This coupe is in for more of a performance build than restoration. Andrew shares that it will get a fully built engine with RS2 manifolds, 2Bennett water pipe installed with new sensors, new vacuum booster for brakes, intercooler, intake plumbing, and 3-inch turbo-back exhaust. The entire hydraulic power steering and brake booster system is being replaced by a more reliable 2Bennett vacuum boost system. It will also get updated alternator, power steering pump, and cooling fan. The bodywork plan will also open up the 2Bennett catalogue wide open, including replica rear spoiler and their Sport quattro derived carbon / Kevlar bodywork, all painted classic Sport quattro green.
While we’re again fixated on that bodywork, he also drops less visually sexy but still functionally important details in the form of yet another component 2Bennett has developed over the years working on older Audi models in sunny California. It’ll get an updated rotary style air conditioning compressor. It utilizes accessories driven by serpentine belts that does away with the original belt system used in the old ur quattros. Beyond the efficiency gains, it also rids the car of noisy belts, which makes for an even more pronounced I-5 soundtrack.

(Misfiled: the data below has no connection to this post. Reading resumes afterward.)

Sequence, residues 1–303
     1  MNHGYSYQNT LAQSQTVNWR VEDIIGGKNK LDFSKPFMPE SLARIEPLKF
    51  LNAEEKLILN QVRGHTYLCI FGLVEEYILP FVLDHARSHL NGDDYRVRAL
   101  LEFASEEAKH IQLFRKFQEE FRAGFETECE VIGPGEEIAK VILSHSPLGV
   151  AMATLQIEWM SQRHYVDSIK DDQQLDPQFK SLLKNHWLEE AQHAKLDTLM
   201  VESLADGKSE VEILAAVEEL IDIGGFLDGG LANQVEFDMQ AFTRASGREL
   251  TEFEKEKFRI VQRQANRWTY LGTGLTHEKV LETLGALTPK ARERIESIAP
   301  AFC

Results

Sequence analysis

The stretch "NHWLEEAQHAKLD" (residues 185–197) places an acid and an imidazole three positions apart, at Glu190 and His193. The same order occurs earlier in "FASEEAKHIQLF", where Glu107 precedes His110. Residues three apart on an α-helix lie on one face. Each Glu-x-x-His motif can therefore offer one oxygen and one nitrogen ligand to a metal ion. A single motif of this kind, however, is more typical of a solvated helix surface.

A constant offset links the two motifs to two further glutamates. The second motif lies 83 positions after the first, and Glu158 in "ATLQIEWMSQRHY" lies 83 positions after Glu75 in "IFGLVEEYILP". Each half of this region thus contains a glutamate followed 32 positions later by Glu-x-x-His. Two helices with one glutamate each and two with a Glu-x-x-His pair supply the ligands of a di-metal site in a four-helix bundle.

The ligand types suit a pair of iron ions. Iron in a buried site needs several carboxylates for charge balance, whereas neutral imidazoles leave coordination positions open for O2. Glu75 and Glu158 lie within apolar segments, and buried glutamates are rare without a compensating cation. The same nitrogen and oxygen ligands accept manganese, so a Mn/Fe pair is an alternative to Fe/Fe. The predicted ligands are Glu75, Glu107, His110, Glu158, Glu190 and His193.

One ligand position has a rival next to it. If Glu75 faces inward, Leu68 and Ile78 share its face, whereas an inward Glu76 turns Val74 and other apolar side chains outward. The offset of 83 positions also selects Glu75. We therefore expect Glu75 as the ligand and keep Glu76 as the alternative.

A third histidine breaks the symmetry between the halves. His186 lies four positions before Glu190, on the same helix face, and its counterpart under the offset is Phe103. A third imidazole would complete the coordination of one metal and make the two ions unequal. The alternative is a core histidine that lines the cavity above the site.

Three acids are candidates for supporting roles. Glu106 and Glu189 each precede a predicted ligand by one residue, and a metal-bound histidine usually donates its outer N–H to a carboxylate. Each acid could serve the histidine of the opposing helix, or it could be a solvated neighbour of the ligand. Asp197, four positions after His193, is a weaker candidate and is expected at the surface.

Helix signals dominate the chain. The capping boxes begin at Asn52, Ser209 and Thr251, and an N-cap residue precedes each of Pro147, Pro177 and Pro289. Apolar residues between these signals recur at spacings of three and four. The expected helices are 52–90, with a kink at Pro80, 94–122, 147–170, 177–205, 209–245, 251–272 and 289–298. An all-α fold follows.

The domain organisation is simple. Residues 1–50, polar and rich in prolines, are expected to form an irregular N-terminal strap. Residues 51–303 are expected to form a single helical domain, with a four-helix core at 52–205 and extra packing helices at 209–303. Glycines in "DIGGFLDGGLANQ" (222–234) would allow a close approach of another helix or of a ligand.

Such modifications are perhaps the best example of what makes 2Bennett…well…2Bennett. The portfolio is broad, from carbon / Kevlar bodywork to obscure upgraded components. The size and scope of the work performed at 2Bennett is hard to put into words, because just when you think you have a handle on it, Andrew thinks of another component you may have never even known existed. His expertise is hard to ignore.